For the past year, developers have shelved plans for new building and consolidated by selling homes that were ready-built.
As demand for residential mortgages picks up, developers are opening show homes and testing the water by inviting prospective buyers to sign registers of interest.
Most developers have a tipping point of registrations that then kicks off development.
Kuala Lumpur’s housing market is mainly focused on a young, well-paid local population moving in to the city for work in hi-tech and financial sectors.
Although Malaysia’s property market has fallen away in the past year, prices have not collapsed as badly as in the USA and UK.
Kuala Lumpur is also boosted the take off of cheap direct flights from London Stansted and other major European airports from only £149 one-way. Many investors and business people see Kuala Lumpur as a city for a pied-a-terre for onward flights to Asia-Pacific destinations like China, Thailand, Bali and Australia all for less than £50 one-way.
Popular housing with a good demand are terrace and semi-detached houses priced below RM1mil (£172,000).
Most development is spreading out along the Klang Valley, that is a few minutes by road or rail from the city’s ‘golden triangle’ centre.
A lot of planned projects are apartments comprising smaller and more affordable units for singles and sharers. High-rise living is booming and very much becoming part of the Kuala Lumpur culture, as in Hong Kong and Singapore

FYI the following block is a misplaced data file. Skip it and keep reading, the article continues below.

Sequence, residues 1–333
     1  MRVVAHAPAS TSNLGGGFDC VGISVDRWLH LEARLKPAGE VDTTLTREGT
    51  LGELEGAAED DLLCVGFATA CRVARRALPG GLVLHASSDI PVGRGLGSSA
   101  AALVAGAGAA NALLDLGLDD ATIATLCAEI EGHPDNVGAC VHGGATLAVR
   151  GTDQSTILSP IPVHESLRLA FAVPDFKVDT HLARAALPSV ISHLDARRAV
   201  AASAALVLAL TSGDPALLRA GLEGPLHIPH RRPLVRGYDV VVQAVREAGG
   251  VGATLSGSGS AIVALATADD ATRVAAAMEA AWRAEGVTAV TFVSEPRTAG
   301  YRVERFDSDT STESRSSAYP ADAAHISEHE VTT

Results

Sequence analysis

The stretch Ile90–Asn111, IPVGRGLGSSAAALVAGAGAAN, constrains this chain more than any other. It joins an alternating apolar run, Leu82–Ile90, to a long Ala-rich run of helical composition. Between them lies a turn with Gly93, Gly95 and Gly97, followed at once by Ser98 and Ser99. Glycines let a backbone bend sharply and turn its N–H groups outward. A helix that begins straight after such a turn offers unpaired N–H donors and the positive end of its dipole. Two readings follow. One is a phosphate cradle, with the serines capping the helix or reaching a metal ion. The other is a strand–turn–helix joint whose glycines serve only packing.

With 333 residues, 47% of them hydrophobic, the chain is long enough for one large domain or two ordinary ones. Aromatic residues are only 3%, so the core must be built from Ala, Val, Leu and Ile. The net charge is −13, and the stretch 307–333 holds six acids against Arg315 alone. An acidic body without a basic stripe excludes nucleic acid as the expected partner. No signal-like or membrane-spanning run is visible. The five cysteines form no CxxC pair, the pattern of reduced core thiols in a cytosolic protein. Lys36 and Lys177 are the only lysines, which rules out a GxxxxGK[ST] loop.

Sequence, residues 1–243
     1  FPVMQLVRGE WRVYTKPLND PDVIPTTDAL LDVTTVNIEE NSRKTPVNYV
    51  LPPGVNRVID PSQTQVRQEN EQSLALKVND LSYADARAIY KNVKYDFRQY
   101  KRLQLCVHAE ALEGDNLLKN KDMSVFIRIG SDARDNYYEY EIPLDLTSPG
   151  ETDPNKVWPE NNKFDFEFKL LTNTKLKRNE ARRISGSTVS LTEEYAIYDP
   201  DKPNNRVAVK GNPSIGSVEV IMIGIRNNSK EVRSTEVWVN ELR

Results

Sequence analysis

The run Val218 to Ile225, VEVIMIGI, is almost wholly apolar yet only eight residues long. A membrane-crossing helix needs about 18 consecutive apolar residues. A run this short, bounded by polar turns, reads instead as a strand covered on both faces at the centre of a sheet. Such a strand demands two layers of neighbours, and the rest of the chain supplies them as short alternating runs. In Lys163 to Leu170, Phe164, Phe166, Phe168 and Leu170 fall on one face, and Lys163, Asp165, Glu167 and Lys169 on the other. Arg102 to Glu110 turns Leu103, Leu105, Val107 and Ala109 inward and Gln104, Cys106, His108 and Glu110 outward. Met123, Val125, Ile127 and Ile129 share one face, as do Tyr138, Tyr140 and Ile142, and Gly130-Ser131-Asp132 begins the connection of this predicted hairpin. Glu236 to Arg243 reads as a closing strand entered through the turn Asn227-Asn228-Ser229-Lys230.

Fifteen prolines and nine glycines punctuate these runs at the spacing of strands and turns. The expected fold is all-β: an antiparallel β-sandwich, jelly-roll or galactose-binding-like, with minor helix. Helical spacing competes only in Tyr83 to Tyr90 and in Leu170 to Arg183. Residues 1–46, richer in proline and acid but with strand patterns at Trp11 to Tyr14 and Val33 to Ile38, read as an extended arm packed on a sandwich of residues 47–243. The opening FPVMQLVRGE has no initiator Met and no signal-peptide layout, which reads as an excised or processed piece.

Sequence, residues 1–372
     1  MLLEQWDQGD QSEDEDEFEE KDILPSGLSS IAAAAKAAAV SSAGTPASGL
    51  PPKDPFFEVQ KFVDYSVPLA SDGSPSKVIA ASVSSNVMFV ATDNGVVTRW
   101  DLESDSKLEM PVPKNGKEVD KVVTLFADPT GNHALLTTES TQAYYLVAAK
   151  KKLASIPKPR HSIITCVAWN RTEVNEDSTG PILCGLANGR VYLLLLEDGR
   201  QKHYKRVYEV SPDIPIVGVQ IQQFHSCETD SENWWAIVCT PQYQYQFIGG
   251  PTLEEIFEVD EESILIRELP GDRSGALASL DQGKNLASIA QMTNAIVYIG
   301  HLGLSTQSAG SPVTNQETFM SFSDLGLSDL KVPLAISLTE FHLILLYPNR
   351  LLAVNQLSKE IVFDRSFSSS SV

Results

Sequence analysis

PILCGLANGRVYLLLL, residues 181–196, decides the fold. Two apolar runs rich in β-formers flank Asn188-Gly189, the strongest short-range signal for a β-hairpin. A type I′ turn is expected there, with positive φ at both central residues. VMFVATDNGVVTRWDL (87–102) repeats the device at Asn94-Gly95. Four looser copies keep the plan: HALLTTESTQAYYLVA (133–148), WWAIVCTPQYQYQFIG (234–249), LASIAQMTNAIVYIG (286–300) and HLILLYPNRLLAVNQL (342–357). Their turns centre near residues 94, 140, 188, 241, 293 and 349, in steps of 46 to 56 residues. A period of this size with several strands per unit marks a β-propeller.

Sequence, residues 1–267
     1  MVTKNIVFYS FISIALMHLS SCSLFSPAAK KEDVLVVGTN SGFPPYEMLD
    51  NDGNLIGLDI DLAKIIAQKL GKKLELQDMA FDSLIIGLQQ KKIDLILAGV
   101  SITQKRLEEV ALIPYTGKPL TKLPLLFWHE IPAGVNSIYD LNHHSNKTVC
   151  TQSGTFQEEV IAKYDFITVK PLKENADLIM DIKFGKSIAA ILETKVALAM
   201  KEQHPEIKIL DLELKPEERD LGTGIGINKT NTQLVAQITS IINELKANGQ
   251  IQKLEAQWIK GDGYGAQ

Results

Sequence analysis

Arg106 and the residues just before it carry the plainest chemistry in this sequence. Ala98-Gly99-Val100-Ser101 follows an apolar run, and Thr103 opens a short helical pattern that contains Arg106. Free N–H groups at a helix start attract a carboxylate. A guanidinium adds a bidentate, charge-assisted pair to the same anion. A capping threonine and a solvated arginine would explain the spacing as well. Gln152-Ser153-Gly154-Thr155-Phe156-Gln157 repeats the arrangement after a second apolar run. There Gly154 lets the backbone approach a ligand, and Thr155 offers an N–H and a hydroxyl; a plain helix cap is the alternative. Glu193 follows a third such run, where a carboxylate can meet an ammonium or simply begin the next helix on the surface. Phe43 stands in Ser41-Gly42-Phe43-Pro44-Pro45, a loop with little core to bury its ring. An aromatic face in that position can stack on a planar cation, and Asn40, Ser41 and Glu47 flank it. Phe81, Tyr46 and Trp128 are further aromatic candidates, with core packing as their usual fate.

With a fast growing population and limited greenfield building land, the Malaysian government has to opt for more and more high-rise blocks to take up the need for housing in coming years as a young population also means a need for more housing down the line to cater for this generation’s children.
The government sees the sense in high-rise apartments like Sky and St Mary residences with an average density of 50 units per acre that cuts the land required for houses by 75% as the ‘fit’ is about 12 houses to an acre.
Apartment complexes are also popular because of the facilities like gyms, pools and cafes plus the increased personal wellbeing of living in a property with round-the-clock security.
Most Malaysian analysts are unconvinced that the economy will level out soon and feel the situation is more likely to start changing around the second quarter of 2010.
In general, the Asia Pacific rim economies are less affected by the recession than those in Europe, with the powerhouses of India and China still expecting increased but reduced growth of at least 6% GDP this year. The latest estimates for the UK are a 5.6% decrease in the past 12 months.
The Malaysia property market has also held out better than others due to tighter government planning controls that prevented an oversupply of new property, that has been the root of the property crash in places like Dubai.
Photo credits: Wili_Hybrid via Flickr